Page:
Someone who really needs an analysis of variance (ANOVA), would probably look for the newer methods as well. And I wouldn't call him a low-power user.
I hope also that serious journals embrace in the coming years the permutation tests (which offer great intelectual advantages over the t-test). IF OOo Calc is pioneering here, it is only to its advantage, and, hopefully, some other folks begin to learn and understand this new tests. (They are not really new, but until recently it was not quite possible to calculate them.)
>> OOO will have to know where it [R] is
High power users already use R, and providing the path to R wouldn't be a problem. As I said, low-power users already have (almost) all what they need. If your inbetween, I suggest learning timely these more accurate statistical methods. I really hope that older methods get in the near future abandoned, especially by high ranked journals.
One last remark about the newer tests is pertinent:
- you can use the classical tests only for statistics where the distribution is known (this is mainly the mean or differences and proportions of 2 means); (this issue is NOT about the accuracy of newer methods, it is about the non-applicability of older ones in this circumstances!!!)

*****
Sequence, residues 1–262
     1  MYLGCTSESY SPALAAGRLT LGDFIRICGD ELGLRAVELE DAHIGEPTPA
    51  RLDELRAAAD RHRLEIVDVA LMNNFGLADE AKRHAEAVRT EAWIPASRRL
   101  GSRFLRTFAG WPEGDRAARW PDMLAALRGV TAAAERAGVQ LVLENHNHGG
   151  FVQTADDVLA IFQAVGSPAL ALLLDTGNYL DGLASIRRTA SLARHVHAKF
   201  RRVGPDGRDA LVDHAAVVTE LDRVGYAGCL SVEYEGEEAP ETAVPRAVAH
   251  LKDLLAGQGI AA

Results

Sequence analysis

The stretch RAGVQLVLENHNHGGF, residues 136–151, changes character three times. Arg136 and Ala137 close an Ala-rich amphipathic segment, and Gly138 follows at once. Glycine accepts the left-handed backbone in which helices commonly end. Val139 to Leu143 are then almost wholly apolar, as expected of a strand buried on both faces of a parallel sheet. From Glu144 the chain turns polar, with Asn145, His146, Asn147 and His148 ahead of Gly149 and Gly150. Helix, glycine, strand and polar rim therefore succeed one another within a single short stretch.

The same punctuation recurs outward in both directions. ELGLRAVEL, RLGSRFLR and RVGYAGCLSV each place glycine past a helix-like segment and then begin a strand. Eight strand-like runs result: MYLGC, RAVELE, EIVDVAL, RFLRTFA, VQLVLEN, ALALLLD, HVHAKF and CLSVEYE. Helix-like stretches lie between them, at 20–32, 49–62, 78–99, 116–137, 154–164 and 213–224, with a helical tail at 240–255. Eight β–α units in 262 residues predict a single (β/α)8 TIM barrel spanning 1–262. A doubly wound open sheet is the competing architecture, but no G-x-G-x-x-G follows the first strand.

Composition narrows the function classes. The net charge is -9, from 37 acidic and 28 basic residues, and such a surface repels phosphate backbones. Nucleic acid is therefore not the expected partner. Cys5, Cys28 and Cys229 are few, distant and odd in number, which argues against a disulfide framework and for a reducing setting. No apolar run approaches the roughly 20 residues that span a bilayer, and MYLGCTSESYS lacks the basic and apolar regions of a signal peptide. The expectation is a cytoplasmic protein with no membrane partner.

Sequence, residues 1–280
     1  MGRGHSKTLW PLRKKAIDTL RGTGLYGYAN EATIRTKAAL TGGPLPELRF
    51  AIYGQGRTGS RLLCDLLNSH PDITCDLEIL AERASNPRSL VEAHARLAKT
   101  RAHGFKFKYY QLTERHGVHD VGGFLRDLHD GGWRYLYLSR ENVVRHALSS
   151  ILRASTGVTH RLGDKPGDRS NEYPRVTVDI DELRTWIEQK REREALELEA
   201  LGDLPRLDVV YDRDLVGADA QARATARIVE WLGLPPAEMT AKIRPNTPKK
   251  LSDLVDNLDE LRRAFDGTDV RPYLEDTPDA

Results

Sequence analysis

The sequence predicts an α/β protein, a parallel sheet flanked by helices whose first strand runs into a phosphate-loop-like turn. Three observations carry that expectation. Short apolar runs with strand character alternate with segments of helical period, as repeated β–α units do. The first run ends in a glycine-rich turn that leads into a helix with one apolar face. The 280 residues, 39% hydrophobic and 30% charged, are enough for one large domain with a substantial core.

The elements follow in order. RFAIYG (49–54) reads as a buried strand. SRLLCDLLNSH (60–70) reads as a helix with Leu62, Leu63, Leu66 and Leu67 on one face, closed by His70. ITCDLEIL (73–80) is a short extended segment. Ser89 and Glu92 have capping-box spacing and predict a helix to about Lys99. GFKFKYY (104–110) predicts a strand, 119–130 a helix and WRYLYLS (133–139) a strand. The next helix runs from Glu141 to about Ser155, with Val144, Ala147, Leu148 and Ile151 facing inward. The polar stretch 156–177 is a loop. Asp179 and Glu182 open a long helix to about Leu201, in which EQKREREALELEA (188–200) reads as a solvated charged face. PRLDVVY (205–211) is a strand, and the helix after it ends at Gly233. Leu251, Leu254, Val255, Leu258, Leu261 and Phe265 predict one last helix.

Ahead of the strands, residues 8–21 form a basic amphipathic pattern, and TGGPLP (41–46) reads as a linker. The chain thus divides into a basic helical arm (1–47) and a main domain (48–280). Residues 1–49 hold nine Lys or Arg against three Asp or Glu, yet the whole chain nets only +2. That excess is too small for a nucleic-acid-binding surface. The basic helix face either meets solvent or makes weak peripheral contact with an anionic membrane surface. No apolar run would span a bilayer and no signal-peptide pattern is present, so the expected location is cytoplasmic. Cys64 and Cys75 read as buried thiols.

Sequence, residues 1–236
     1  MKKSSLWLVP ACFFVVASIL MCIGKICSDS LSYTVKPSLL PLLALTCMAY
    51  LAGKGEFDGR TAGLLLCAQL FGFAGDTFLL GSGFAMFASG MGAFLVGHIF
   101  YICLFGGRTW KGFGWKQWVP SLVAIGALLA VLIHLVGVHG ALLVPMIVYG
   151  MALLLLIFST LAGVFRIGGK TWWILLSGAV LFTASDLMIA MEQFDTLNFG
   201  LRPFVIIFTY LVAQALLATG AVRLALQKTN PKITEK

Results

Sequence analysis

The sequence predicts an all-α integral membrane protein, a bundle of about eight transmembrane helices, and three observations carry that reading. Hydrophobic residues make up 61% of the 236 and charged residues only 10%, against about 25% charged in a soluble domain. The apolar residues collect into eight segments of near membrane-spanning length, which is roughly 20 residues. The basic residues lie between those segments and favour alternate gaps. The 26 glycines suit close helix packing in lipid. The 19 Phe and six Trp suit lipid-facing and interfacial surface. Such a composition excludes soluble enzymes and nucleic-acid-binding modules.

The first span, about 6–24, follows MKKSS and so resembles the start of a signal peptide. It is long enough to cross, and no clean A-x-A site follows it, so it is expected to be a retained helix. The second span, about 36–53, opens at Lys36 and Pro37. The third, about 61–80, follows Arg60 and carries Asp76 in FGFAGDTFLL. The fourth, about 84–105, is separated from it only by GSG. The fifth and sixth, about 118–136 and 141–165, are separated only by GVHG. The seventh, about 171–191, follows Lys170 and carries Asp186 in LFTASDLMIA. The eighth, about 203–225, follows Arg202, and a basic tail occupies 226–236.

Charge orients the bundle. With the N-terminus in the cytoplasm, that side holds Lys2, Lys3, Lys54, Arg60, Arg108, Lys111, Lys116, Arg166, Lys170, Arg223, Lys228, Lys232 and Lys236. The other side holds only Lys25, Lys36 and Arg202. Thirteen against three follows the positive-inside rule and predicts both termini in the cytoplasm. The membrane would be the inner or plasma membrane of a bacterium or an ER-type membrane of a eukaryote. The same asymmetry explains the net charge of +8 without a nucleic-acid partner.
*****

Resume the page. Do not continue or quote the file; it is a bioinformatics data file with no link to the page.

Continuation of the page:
- whenever you wish to calculate a statistic on a different parameter, you CAN'T use these classical tests; you will need to get for the newer methods
- in recent times, it has become increasinlgy often necessary to compute statistics for a diverse range of variables (either because the mean is such a poor candidate OR because you simply need a different parameter)
The current teaching of statistics is another problem, especially the low level introductory courses. Many times, professors put to much emphasis on classical tests. If they'd discuss just some real life problems, you will notice that these tests fail much to often and way to high. With the current approach, Calc would sensitise some of these users to those problems and offer alternative solutions. I hope that people get this way a better understanding of statistics and that their own work will be of higher quality.
"Disadvantages of R" >>"R is a statistical environment (more like a programming language) and for beginners it is sometimes difficult to use."
Ooh wee is that an understatement! I would rephrase it "and for beginners it is extraordinarily, excruciatingly, horrifyingly difficult to use." I am well aware of R's many, many advantages. However, despite my PhD, my 12 years of teaching statistics, and my ability to do a (very) little bit of programming, I still can't reliably even OPEN my data in R. Ouch. Soooo, I would LOVE to see some sort of user-friendly (or friendlier) implementation of R in OOo. Wouldn't that be nice....
This is a VERY important functionality that should be added to OO as soon as possible, to mirror Excel's 'Analysis ToolPak'.--Piotrus 21:07, 24 February 2007 (CET)